Have you ever wanted to test the drag racing capabilities of an 8,000-pound vehicle that’s shaped like a file cabinet? I have. And that’s how my friend Matt and I ended up spending last Tuesday night drag racing my Hummer at Atco Raceway in suburban New Jersey.
Yes, ladies and gentlemen, that’s right: I drag raced my Hummer at a legitimate drag strip with a legitimate drag racing timer, and legitimate drag racing grandstands, and a legitimate drag racing ambulance that’s there for legitimate drag racing emergencies, such as someone choking on a giant wad of chewing tobacco.
You’d know all this if you followed me on Twitter, because I posted several pictures of the Hummer at the drag strip. We also had a little guessing game of quarter mile times, and dozens of you participated with guesses ranging from “16 seconds” to “Does the drag strip have a calendar?”
Even Top Gear USA host Rutledge Wood submitted a guess of his own, though I must say that Rut’s prediction didn’t quite give the Hummer’s aging, tired, 190-horsepower Chevy V8 the drag racing credit it clearly deserves.
But we’ll get to the times in a second.
First, I would like to explain the feeling you get when you show up to Atco Raceway on “anything goes” night in your Hummer. Mostly, you feel absolute dread. This is because you have decided to inflict this vehicle on a large group of people who clearly take this sport seriously. Very seriously. As seriously as German schoolteachers treat children who violate major classroom rules, such as fighting, or skipping class, or smiling.
Now, I have been to many drag strips in many places over the years, and what I have typically discovered is that on an “open” night, people bring all sorts of stupid cars out to race. Daily drivers. Economy cars. Full-size pickups. Minivans. Saturns.
But not to Atco. Oh, no. When we showed up to Atco, we were surrounded by serious-looking pickups hauling serious-looking trailers containing serious-looking drag racing vehicles with rear tires wider than a regulation size sleeping pillow. To say we were intimidated would be an understatement. It felt like an early season college football game where some big team like Nebraska tries to pad their record by scheduling some small team like Little Sisters of the Poor.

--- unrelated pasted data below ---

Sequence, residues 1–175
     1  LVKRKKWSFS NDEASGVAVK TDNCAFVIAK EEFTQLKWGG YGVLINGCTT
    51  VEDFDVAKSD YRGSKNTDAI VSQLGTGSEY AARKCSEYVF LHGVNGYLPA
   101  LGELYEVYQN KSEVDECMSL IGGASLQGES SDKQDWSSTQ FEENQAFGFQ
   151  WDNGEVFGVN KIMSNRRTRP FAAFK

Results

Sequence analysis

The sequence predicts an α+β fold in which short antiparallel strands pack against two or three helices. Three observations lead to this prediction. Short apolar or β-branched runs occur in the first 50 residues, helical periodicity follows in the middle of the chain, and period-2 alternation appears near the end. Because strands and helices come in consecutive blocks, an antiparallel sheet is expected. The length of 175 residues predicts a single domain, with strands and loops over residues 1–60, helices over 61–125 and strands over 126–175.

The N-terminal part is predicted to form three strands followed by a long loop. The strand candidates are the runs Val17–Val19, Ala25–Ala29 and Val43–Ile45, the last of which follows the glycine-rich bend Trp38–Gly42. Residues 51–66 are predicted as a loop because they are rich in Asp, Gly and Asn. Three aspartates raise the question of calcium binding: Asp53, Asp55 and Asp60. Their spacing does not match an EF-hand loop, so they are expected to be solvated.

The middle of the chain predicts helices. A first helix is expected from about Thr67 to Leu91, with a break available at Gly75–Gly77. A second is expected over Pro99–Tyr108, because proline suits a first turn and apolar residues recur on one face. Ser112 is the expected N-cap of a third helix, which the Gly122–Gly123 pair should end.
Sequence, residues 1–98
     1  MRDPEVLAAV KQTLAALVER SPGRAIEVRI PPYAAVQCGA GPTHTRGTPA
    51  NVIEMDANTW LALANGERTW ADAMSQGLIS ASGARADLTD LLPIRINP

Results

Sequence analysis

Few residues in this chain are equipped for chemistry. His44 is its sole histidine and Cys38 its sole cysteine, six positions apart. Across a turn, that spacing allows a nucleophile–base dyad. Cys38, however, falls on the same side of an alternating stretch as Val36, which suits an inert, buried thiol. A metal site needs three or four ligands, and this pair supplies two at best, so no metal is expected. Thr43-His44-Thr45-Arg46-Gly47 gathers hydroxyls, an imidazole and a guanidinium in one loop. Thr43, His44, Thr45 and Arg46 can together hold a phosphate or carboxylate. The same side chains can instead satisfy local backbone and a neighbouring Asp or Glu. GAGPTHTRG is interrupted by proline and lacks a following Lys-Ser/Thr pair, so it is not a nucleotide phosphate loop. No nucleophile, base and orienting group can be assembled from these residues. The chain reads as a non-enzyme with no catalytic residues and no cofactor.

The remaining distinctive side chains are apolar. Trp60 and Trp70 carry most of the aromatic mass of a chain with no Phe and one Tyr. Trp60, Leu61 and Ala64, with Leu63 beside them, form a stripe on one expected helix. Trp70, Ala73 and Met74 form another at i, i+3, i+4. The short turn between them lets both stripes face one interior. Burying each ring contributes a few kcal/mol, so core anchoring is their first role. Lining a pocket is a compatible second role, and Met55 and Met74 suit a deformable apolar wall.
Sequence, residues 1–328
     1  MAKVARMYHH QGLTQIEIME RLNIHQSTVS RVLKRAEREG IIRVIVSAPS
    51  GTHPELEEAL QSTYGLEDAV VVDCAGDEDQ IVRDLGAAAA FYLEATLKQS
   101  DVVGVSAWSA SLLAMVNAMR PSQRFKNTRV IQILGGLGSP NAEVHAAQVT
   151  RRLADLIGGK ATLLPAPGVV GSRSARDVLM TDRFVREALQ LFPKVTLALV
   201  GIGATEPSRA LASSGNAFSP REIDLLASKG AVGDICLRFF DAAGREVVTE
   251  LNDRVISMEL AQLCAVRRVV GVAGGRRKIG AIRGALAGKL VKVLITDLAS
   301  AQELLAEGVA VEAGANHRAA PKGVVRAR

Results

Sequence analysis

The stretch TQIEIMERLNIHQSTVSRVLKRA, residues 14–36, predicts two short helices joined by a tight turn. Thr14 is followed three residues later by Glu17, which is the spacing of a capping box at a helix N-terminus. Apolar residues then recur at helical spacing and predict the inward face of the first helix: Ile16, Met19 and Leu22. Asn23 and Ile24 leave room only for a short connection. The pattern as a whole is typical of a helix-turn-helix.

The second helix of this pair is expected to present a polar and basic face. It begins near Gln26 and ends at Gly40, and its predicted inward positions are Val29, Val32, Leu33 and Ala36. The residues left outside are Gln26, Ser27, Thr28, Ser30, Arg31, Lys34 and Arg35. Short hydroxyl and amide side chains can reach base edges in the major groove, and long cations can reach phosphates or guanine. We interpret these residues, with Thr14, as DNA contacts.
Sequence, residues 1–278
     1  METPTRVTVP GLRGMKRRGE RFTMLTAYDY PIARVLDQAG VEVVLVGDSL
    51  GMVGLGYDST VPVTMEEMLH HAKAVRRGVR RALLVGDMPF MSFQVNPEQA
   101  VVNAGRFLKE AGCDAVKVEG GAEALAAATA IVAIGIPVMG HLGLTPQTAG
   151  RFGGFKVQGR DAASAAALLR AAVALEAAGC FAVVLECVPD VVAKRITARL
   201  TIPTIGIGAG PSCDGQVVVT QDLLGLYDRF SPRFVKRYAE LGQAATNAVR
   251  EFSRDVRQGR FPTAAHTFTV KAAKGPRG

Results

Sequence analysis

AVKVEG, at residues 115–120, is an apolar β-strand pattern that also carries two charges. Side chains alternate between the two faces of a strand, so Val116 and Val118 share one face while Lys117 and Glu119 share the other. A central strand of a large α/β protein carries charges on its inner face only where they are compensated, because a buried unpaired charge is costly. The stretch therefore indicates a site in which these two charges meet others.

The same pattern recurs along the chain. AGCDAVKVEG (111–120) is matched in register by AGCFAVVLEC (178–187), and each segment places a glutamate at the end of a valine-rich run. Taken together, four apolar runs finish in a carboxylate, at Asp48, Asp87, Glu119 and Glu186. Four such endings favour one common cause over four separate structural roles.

Given how seriously everyone seemed to be taking things, I was also very worried about tech inspection. For those of you who don’t know about drag racing tech inspection, it’s where they go over your car in great detail and check the tires, and the brakes, and the engine, and the battery, and the fluids. They do this to ensure it is prepared for the grueling task of driving in a straight line for approximately four city blocks.
So we rolled up to the tech inspection booth, and we handed the guy the tech inspection sheet, and we were fully prepared for him to say something like “No Hummers” or “you can’t run this here.” Instead, the conversation went exactly as follows:
Tech Inspection Guy: This is a real Hummer!
Tech Inspection Guy: Is it a diesel?
Me: No, this one has a Chevy 350. They made a few with a gas engine.
Tech Inspection Guy: Ah.
[Tech Inspection Guy writes my drag racing number on the windshield]
Tech Inspection Guy: This is a real Hummer, not one of them later ones, built for bitches.
And with that – and the friendly reminder “Don’t run anybody over” – we had passed tech inspection. There was no tire check. There was no brake check. There was no fluid check. We were ready to race.
Now, before we get into the Hummer’s drag racing time, a little note about general drag times for those of you who haven’t devoted your union pipefitter overtime pay to building a Fox Body Mustang with a motor that sticks up so far out of the engine bay that it looks like you’re driving a V8-powered grain silo.